New obstacles for 9/11 commission's access to documents

The Bush administration has put up new obstacles in the way of obtaining White House documents relating to 9/11. Specifically, we see that the administration and the 9/11 panel have reached an agreement that limits the latter's ability to acquire the presidential daily briefings:
Tim Roemer, a panel member who was also denied White House documentation when he sat on a congressional committee studying 9/11, says more hurdles put up this week by Bush may mean the world will never really know what the president knew.

The White House and the bipartisan commission, headed by former New Jersey governor Thomas Kean, a Republican personally chosen by Bush, have struck a compromise on the commission's demand that they have access to the Presidential Daily Briefs (PDBs), the highly classified intelligence documents made available to only Bush and his innermost circle.

Neither side is officially releasing the terms of the compromise but Roemer says the access will be restricted to a handful of commission members and the documents will be truncated.

Some of the 10 members, likely including Roemer, will not actually see anything under the deal. Only four can see PDBs, and then only portions the White House deems relevant - and even then, the members' comments about the top-secret briefings will be vetted by the White House.
So, not only are these secret documents not being handed over, but there was a secret deal concerning their fate whose terms are not being released... Nothing to see here, move along.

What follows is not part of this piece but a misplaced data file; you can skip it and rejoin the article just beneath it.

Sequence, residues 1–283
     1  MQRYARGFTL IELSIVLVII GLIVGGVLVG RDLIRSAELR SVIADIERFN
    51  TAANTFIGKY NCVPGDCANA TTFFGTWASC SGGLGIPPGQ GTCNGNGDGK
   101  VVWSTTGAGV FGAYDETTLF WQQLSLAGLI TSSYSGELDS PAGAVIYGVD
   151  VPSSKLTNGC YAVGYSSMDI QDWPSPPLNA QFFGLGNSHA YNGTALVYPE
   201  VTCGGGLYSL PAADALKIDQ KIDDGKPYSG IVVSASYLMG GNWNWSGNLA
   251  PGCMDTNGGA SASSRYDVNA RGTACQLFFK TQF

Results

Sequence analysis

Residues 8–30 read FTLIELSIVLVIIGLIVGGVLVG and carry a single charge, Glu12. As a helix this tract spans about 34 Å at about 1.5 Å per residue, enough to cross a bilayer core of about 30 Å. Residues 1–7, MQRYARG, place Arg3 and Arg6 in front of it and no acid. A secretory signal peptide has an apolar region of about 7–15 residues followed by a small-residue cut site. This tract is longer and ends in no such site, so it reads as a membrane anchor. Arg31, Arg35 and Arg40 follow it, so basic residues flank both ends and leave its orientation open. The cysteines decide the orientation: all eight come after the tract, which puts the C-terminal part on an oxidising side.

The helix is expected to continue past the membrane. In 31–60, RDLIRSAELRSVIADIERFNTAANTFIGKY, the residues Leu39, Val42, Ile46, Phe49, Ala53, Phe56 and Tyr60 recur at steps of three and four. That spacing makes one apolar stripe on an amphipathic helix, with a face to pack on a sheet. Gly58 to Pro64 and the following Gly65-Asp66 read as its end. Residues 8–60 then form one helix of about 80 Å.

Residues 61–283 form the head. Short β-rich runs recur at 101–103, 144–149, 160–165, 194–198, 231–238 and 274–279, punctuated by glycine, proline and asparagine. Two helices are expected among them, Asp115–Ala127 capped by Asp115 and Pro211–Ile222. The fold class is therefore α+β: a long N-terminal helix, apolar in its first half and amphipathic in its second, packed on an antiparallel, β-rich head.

Here's one question: if the administration was guilty of massive criminal incompetence, how else would we ever find out, except via these documents? Or is this something the American public has no right to know?

But we find out that Roemer himself seems to be a little dense about the issue:
"What I find surprising," Roemer said, "is that there are two things which can most help the Bush administration and they won't co-operate.

"This report could prove there was no warning; there was no smoking gun provided to the president. It could also prove that the intelligence community did not do a proper job of putting the position to him.

"And he won't provide access to these things."
Yes, that's certainly true... but it's also entirely possible that they will not provide exculpatory evidence but rather the opposite: that the intelligence community did its job and that there was a smoking gun provided to the president.

Given their refusal to turn over the documents, which scenario do you think is more likely, Timmy?

(Link via Antiwar.com)

This page is powered by Blogger. Isn't yours?